Rare 'super blue blood moon' eclipse to occur over Utah

Super blue blood moon coming to Utah for first time in 52 years. (Photo courtesy Clark Planetarium)

(KUTV) — Clark Planetarium will be live streaming the upcoming, rare lunar event known as a super blue blood moon on Jan. 31, 2018.

This will mark the first time the planetarium has live streamed a lunar eclipse, providing that the weather cooperates. This also marks the first time in 150 years that you'll get the chance to see a blue moon lunar eclipse.

The impending full moon will not only be a super moon, but it will be the third in just two months, which is a highly uncommon event.

Because this marks the second full moon in a month, this super moon is also considered a blue moon. This term refers to the second full moon in a calendar month.

"The last time we experienced a blue moon was in July 2015," a news release states. "While blue moons occur every two and a half years, this year's will happen at the same time the moon is experiencing a total lunar eclipse."

A lunar eclipse happens when the moon passes directly through Earth's shadow. Due to the angle of the moon's orbit around Earth, it experiences a total eclipse twice a year. But this event is not always visible to the same people on our planet's surface. The last time Utah saw one was in September of 2015.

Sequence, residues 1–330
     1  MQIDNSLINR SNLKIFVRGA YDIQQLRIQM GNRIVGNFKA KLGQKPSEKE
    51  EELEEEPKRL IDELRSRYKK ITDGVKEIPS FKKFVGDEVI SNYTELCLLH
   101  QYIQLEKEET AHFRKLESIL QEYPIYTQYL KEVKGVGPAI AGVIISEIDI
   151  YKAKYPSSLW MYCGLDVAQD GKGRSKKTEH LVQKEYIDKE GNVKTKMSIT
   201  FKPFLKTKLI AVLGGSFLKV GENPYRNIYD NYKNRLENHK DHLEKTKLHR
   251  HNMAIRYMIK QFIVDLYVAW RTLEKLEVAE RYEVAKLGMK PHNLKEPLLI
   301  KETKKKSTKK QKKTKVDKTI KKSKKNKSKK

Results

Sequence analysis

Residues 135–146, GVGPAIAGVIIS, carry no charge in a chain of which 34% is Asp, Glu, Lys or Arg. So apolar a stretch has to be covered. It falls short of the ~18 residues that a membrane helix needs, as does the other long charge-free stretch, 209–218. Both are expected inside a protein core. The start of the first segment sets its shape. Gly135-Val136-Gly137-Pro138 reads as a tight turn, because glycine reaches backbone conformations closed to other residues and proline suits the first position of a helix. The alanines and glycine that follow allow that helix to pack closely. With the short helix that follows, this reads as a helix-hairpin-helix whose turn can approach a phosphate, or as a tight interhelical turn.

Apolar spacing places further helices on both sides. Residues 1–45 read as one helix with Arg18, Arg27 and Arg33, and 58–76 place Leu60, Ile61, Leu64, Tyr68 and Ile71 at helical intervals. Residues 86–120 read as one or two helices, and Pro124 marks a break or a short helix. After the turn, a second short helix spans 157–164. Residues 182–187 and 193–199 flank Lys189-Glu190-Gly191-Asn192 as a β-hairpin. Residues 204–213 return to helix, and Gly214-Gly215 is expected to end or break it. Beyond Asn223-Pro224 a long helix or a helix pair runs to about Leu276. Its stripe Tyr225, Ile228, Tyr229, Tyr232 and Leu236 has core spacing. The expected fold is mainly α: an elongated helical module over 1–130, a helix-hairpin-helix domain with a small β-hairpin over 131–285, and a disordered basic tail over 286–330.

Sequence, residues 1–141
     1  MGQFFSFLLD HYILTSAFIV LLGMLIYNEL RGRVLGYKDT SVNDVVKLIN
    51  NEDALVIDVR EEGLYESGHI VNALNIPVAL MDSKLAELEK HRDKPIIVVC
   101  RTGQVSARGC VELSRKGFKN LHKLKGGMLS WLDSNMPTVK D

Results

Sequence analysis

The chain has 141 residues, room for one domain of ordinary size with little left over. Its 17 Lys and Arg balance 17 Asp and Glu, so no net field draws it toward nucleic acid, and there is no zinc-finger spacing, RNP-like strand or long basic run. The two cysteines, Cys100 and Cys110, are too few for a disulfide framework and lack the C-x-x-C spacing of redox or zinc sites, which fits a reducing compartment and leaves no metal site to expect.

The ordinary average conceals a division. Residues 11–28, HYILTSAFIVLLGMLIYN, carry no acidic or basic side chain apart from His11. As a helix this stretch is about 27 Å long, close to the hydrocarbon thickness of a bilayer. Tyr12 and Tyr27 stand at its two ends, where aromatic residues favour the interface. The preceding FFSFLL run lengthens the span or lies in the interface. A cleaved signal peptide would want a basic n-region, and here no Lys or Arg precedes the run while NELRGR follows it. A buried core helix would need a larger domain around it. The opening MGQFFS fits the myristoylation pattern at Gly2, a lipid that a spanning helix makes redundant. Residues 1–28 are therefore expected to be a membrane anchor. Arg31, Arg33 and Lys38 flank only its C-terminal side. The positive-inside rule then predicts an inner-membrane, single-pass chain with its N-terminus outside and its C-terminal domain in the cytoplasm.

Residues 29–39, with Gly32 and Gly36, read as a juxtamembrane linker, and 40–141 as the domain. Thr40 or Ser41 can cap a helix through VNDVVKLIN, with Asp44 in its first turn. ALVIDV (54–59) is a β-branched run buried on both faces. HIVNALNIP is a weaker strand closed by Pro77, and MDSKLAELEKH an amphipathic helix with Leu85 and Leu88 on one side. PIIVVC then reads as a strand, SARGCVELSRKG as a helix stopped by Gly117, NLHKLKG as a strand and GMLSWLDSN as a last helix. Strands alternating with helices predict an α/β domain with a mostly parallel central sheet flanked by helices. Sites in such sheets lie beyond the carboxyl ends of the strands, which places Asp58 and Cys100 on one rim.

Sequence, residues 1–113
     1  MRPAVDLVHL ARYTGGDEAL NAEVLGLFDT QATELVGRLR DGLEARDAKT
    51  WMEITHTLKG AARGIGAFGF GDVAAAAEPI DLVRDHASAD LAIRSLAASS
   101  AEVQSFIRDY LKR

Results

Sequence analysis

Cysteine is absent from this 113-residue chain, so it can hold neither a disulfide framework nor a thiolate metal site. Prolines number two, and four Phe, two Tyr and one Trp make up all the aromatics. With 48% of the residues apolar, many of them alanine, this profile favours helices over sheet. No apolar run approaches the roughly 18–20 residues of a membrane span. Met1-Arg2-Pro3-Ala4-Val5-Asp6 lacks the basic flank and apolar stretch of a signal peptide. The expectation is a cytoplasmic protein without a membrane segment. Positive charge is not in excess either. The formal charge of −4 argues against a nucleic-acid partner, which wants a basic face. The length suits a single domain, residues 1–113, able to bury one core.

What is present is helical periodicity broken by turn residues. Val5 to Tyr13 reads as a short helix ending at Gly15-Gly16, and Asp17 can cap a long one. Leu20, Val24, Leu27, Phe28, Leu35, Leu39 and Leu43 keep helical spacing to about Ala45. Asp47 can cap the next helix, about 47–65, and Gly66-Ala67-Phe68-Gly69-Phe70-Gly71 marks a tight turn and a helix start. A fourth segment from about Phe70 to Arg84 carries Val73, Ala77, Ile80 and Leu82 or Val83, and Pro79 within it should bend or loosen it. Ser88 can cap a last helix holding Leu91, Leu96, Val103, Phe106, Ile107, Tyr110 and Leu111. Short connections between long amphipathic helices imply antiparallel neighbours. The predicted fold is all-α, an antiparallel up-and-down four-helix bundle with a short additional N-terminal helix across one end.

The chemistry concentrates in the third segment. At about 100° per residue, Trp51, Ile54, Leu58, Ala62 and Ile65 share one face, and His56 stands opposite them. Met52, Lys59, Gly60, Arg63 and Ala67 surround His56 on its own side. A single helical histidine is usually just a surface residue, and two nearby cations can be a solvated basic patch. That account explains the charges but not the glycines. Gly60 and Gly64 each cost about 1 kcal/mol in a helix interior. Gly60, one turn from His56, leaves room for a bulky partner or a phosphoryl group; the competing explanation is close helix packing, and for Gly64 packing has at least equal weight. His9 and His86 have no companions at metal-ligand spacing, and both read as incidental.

"During a total lunar eclipse, the moon takes on a distinct reddish glow," a news release explains. "This result is know as Rayleigh scattering — where the light from the sun scatters through Earth's atmosphere and bends each of the wavelengths differently, producing our blue skies and red sunsets. The sight will give a memorable treat to those who are up early enough to see it — a super blue blood moon!"

Although the super moon will be visible throughout the evening on Jan. 31, the total lunar eclipse will not begin until 3:51 a.m. local time. Its maximum eclipse will be reached at 6:29 a.m.

The moon will not be very high in the sky once the lunar eclipse begins. Because of this, the dawn and the horizon could affect viewers' abilities to witness the entire event near its conclusion.

Visit facebook.com/clarkplanetarium to watch the live stream.

Eclipse timeline: Wednesday, Jan. 31
Penumbral eclipse begins 3:51 a.m.
Partial eclipse begins 4:48 a.m.
Total eclipse begins 5:51 a.m.
Maximum eclipse 6:29 a.m.
Total eclipse ends 7:43 a.m.

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